Sure he is...
Originally Posted by cpwill
In my mind, the country’s economic policies should have two main objectives. First, we should wish, in our rich society, for every person who is willing to work to receive income that will provide him or her a decent lifestyle. Second, any plan to do that should not distort our market system, the key element required for growth and prosperity.
The problem is that the market has been distorted since the application of supply-side neo-liberal policy since 1977 through today, it broke the connection between productivity and wage gains resulting in nearly flat real wages for 80% of wage employment. Households require 2 earners and still household expenses outstripped income by 30% from 2000 to 2012. In other words, the market has not provided jobs with incomes to allow folks below the median to maintain a "decent" lifestyle, their lifestyle is in descent.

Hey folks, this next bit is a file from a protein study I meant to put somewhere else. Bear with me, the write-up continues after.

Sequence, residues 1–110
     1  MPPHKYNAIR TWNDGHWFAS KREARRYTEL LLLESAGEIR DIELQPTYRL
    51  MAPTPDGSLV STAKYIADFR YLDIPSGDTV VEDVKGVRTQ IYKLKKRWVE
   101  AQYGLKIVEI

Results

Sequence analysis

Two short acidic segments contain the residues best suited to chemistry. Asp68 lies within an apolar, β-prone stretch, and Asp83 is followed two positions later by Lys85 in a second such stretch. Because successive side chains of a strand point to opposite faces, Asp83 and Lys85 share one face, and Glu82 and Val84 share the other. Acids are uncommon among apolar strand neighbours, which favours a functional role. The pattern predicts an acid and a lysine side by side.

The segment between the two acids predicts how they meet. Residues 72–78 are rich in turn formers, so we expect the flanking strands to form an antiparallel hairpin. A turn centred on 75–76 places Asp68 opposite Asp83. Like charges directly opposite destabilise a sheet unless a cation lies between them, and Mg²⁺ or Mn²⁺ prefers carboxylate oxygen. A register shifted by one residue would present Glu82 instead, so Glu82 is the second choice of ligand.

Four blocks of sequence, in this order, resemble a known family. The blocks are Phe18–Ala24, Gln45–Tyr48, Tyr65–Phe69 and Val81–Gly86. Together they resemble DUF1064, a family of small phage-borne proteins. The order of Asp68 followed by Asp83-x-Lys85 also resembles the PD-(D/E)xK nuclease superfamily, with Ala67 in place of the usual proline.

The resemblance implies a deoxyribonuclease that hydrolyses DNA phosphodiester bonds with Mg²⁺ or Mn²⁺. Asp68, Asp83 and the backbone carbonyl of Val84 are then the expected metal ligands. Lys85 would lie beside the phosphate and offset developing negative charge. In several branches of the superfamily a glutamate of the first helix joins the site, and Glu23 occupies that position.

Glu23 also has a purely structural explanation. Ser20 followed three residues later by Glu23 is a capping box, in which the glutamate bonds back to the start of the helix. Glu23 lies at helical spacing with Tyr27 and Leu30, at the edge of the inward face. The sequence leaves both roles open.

That second goal crumbles in the face of any plan to sizably increase the minimum wage. I may wish to have all jobs pay at least $15 an hour. But that minimum would almost certainly reduce employment in a major way, crushing many workers possessing only basic skills. Smaller increases, though obviously welcome, will still leave many hardworking Americans mired in poverty.
Perhaps the old man is not aware that the plans spread the increase out over years, but he undercuts his whole argument by claiming that even with MW increases "many" will remain in poverty. Is he admitting the market has failed (it has) or is he muddying with a truism about the elderly and children?
That sounds like a really bad idea since those with significant amounts of EIC also have the largest amount of income variance. His "plan" would require an anticipation of annual income to calculate a month going forward (which could result in a tax charge if income falls short of anticipation) or will require monthly reporting/paperwork.
So is Paul Ryan, who has called not only for expanding the EIC, but for making it payable as part of a monthly stipend, so that you are increasing low-income Americans monthly take-home pay with it, vice simply providing them with a once-a-year lump-sum.